CHICAGO -- Vicki Zurkowski wonders if today's cursive handwriting will be tomorrow's hieroglyphics -- an ancient form of writing decipherable by only a few experts in a specialized field.
The Elmhurst, Ill., mother was disturbed to learn that her children's school district will spend less time teaching the flowing loops of cursive in order to squeeze more 21st-century lessons, such as keyboarding, into the classroom day.
"We are losing an art," said Zurkowski, who wonders how her two youngest children will develop a unique signature or read notes written on greeting cards. "Maybe it's something I will have to teach my kids myself."
Others were also shocked when Elmhurst School District 205 announced in a recent newsletter that cursive will be scaled back in the third-grade curriculum to "prepare students to function in a technologically advanced society."
Elsewhere in Illinois, school districts have also begun to downplay cursive to conform to a new set of "common core standards" adopted last year. At least 44 other states have signed on to the new standards, which dictate the skills students should learn at each grade level. The program sets the stage for a national standardized exam to measure how students compare state to state, beginning in 2014.
The national standards do not include cursive. They do include writing with digital tools -- such as keyboards or tablet computers. That has provoked some angst in places such as Indiana, which dropped its cursive requirements when adopting the national program.
Illinois has never required cursive as a learning standard, leaving control to local school districts, said Mary Fergus, spokeswoman for the Illinois State Board of Education.
The national trend concerns some parents who remember spending hours painstakingly perfecting their loops and curls for legibility and speed. Yet many recognize that their teenage children rarely use this graceful style of writing, which some say is no longer relevant now that even historical documents such as the Declaration of Independence can be quickly downloaded as printed text.
"I do think there will be this tug on people's hearts, that we are losing something," said Linda Karlen Elliott, an Elmhurst parent who also teaches writing at Oakton Community College. "But we are losing it anyway. ... I don't see the kids being very upset about it."
With the prevalence of computers, fewer students are assigned projects that require handwritten prose. By high school, most are required to compose papers electronically.
Some teens say they have had so little practice that they can't read or write cursive.
"The only cursive I ever use is just my signature now," said Danny Blitstein, 18, a senior at Glenbrook North High School in Northbrook, who believes the last time he wrote in cursive was in fifth grade. "When it stopped being mandatory, I stopped using it."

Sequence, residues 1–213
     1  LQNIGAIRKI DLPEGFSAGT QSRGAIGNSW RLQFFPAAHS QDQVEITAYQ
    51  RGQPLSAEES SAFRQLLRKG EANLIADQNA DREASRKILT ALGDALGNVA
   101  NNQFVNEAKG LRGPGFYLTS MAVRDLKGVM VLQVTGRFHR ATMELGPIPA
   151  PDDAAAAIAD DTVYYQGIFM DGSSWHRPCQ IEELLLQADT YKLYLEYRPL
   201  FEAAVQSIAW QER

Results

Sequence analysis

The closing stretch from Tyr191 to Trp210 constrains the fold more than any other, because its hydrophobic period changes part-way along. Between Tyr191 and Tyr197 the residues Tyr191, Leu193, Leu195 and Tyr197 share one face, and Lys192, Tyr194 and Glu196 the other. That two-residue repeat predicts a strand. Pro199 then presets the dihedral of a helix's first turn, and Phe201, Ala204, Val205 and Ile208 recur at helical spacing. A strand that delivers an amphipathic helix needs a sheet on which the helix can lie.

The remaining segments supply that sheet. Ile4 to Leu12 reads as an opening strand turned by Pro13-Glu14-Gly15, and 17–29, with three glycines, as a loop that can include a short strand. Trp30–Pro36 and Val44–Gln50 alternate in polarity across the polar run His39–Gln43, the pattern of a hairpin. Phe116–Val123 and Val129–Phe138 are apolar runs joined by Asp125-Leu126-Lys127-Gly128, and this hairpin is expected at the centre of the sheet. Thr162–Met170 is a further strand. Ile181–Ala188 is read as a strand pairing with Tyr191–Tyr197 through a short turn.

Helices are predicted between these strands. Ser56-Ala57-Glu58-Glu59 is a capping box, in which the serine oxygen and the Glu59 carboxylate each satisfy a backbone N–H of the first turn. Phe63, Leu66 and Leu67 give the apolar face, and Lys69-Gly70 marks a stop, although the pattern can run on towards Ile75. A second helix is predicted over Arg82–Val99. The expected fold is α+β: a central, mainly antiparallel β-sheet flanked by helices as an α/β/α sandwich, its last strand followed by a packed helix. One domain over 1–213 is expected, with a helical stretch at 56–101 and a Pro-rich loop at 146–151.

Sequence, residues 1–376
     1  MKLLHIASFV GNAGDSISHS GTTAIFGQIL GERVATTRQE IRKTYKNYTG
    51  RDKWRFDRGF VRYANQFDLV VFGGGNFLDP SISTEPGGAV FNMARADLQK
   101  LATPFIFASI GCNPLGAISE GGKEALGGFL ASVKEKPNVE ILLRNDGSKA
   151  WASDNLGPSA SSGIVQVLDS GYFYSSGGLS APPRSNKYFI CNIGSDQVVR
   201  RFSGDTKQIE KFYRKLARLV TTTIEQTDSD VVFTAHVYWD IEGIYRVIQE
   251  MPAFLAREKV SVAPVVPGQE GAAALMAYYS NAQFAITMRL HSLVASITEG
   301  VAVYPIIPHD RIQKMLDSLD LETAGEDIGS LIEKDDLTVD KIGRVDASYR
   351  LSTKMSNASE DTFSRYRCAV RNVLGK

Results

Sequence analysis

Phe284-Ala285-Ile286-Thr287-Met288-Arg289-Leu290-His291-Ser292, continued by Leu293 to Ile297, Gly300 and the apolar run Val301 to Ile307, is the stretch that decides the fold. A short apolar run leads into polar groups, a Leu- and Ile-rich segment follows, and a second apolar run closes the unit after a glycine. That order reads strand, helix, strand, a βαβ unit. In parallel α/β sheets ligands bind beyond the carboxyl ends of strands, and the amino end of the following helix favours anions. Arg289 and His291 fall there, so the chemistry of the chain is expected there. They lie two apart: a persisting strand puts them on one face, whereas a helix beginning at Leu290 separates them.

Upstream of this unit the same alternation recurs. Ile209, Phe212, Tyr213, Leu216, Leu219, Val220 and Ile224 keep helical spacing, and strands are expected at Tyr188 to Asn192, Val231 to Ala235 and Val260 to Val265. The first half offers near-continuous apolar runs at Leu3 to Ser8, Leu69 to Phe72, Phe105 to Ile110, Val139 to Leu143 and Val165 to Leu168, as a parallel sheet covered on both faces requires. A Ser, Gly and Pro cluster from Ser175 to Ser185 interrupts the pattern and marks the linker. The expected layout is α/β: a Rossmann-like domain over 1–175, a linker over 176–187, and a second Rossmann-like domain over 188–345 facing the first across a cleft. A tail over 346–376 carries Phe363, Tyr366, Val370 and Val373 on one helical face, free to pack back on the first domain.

At issue for educators is whether cursive is an essential part of a child's early grade-school years, and how much time should be devoted to it. No one has suggested eliminating the teaching of manuscript, or print, handwriting.
Studies have shown that writing by hand in any form increases memory, helps students learn to pronounce words when learning to read, and sharpens fine motor skills.
"Handwriting, be it manuscript or cursive, offers kinesthetic practice that strengthens reading and writing skills," said Gen Bentley, a third-grade teacher at Bannockburn Elementary School. "In my experience, some children are more successful with cursive than they are with manuscript."
Steve Graham, professor of education at Vanderbilt University in Nashville, Tenn., fears that elementary students are spending less time on writing in general, whether it is manuscript or cursive.
"There is not a whole lot of writing instruction after third grade," said Graham, who conducted a national survey of primary school teachers in 2007.
Handwriting remains important because it influences both the reader and writer, Graham said. Children who don't master handwriting may avoid writing altogether.
"On the reader end, it is about legibility," Graham said. "If your handwriting is so illegible you can't read it ... there's a much more insidious effect. People form judgments about the quality of your ideas based on your legibility of handwriting. It influences your grades."
Yet some educators are puzzled by the reluctance to drop cursive.
The National Association of Elementary School Principals has not taken a position on it, saying the decision is best left to local leaders. But Rob Monson, president of the association, said he sees no need for his own first-grade son to learn cursive.
"Basically, you sign a contract or a check," said Monson, a principal in Parkston, S.D. "That is the extent that most people use cursive."
(c)2011 the Chicago Tribune
Visit the Chicago Tribune at www.chicagotribune.com
Distributed by MCT Information Services